Ed Miliband speaks at the Scottish Labour conference earlier this year. Photograph: Getty Images.
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PMQs review: Miliband bangs on about the NHS

The Labour leader is determined to keep his party's strongest issue at the top of the agenda. 

For the third time in recent weeks, Ed Miliband went on the NHS at today's PMQs. Labour is determined to keep its strongest issue at the top of the agenda. Assailed by Miliband over rising A&E waiting times and the growing funding crisis, Cameron delivered his stock response: the coalition has invested more money in the NHS and "you only get a strong health service with a strong economy." Whenever Miliband mentions the subject, the PM seeks to drag him back to the Tories' favoured territory. 

But Labour aides regard Cameron having to talk about the NHS at all as a victory for them. The party's focus groups have found that the coalition's top-down reorganisation of the service means voters blame him for the deteriorating state of the service. When Cameron later responded to Ukip defector Mark Reckless by accusing the party of wanting to "break up" the NHS, the Labour frontbench pointed accusingly at him. The problem for the Tories is that many voters are doing the same. But some in Labour regard Miliband's reliance on the NHS as a mark of his weakness and his failure to conquer new political territory.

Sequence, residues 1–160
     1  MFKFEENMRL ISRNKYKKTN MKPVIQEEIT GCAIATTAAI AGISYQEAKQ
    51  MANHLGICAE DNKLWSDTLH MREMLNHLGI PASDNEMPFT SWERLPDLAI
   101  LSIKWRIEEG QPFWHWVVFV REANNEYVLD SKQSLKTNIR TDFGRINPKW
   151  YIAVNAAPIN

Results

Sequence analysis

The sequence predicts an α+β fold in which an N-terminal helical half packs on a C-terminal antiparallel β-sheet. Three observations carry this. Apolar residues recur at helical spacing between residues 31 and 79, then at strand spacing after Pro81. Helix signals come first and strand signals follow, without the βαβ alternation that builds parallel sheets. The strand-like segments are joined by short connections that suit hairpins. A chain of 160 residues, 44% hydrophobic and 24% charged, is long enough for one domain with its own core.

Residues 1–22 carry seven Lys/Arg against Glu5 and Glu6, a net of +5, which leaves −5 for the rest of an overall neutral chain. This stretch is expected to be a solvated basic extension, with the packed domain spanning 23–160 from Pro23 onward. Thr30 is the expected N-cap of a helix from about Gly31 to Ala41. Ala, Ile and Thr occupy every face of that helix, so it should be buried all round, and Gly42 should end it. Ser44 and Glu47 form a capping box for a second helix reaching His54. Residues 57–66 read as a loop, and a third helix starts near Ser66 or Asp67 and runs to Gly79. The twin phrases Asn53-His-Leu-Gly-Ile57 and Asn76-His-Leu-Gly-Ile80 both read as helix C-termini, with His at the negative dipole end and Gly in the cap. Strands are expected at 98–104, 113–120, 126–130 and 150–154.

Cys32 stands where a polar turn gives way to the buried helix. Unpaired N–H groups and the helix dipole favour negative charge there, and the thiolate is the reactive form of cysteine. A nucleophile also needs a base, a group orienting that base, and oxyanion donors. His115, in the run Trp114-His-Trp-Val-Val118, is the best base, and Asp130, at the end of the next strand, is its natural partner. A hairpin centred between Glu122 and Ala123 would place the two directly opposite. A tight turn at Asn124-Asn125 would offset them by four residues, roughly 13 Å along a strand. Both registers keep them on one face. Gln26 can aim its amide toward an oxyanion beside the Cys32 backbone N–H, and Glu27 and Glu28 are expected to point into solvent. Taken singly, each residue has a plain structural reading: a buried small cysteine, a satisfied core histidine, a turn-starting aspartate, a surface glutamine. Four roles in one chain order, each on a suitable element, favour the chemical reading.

There was no opportunity for Cameron to deliver the anticipated jibe over the Emily Thornberry affair. But Tory MP Nadhim Zahawi more than compensated when he bellowed: "When I see a white van, Mr Speaker, I think of the small business owner who works long hours to put food on the family table. When I see the cross of St George, I think of the words of my constituent, William Shakespeare, 'this blessed plot, this earth, this realm, this England!' Does my Rt Hon Friend agree with me that we shouldn't sneer at people who work hard, who are patriotic and who love their country?"

The Tory benches have rarely roared more loudly in appreciation. Cameron replied: "I agree with every word my Hon Friend has said. In fact, Mr Speaker, I was wondering why the Labour benches were so quiet. And now I realise, of course, the shadow attorney general who normally makes so much noise presumably isn't here today. Probably out taking pictures of people's homes I expect. But we know that meant about the modern Labour Party, sneering at people who work hard and love their country."

But Labour's shadow health minister Jamie Reed delivered a sharp riposte when he declared: "The first thing I think of when I see a white van is whether or not it’s my father or my brother driving it." Cameron retorted: "If he values people who work hard and want to get on, he ought to cross the floor."

Another notable moment came when Cameron was invited by Tory MP Andrew Turner to condemn Save The Children's award to Tony Blair (he denounced him for "taking us to war unnecessarily in Iraq"). Rather than attacking Blair over a war he also voted for, the PM wittily replied: "The remarkable thing about this award is that Tony Blair got it from someone who used to work for Gordon Brown. So obviously the person who gave the award knows about peacemaking and peacekeeping. But I think it's not for me to get involved."